White supremacist readings in the antebellum south supported slavery. But thankfully abolitionist readings in the antebellum south countered racist readings with readings that supported black freedom. Racist, segregationist readings in the middle of the 1900s supported segregation. But black, liberationist readings in the middle of the 1900s supported liberation.

One’s reading isn’t inherently right or wrong on account of it being a socially situated reading. But the point is every reading is a socially situated reading, even when one’s reading can be plausibly demonstrated to be correct, and even if one labors to discern the grammar and history of a biblical text.

Meaning and Responsible Application

To clarify, I don’t mean to imply every reading is a right reading. No! There are correct bible readings, and there are incorrect bible readings. There are correct interpretations, and there are incorrect interpretations. But every reading is an interpretation, even correct readings.

I STRONGLY believe the goal of biblical interpretation is to discover the meaning the author intended to communicate in the text, and then responsibly apply that meaning in the power of the Spirit to the modern world. However, I likewise believe it is impossible for bible readers to be unaffected by their social situation when they read the bible.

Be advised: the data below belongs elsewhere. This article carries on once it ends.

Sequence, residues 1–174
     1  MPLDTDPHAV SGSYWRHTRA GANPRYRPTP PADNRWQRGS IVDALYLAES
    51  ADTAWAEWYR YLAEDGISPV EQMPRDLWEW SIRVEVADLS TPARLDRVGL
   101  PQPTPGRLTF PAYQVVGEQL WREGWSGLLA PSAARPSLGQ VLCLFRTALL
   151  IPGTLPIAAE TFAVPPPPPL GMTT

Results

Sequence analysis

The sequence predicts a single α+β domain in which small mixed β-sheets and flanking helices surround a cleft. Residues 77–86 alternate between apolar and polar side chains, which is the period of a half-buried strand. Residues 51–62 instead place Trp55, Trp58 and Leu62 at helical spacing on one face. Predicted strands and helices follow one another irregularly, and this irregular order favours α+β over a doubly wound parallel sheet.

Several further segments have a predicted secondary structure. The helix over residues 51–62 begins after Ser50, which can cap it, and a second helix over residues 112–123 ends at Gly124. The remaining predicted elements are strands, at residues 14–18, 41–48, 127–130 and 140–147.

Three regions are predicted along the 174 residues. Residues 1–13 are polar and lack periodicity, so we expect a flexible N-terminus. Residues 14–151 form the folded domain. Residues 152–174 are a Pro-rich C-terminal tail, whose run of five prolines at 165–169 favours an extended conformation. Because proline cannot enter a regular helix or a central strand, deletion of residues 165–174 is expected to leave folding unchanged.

And, because all bible readers are captive to a culture and because sometimes bible readers substitute cultural preferences for biblical truth, every bible reader faces the real danger of possibly using the biblical text to justify one’s own cultural preferences. Those who confuse biblical truth with their own cultural norms may in turn try to import their cultural narrative onto those who don’t share their cultural posture.

10 Suggestions

I suggest bible readers do the following to help arrive at the author’s intent(s), and plausible interpretation(s) + application(s) of the texts.

  1. Ask God to show us our blind spots when we read the biblical text.
  2. Ask God to help us love the biblical text more than the norms of cultural Christianity.
  3. Rely upon the Spirit, as we read the bible over and over again.
  4. Make bible study a life-long pursuit.
  5. Pray the bible over and over again.
  6. Rigorously study the bible individually, and in community with people from different races, ethnicities, social postures, intellectual postures, and genders.
  7. Read ethnically diverse authors.
  8. Read female and male commentators of the bible.
  9. Recognize that every reading is a socially situated reading.
  10. Be open to changing our interpretation of a text if someone offers evidence from the text that makes our interpretations less probable. In other words, we should ask God for interpretive humility.

 

[1]Ameen Hudson made a similar point with respect to discipleship in a two-part series this week on RAAN.

Dr. Jarvis J. Williams (PhD) is an associate professor of New Testament Interpretation at the Southern Baptist Theological Seminary in Louisville, Ky. He is the author of numerous books and articles, Christ Died For Our Sins (Pickwick, 2015).
He regularly preaches and lectures throughout the country.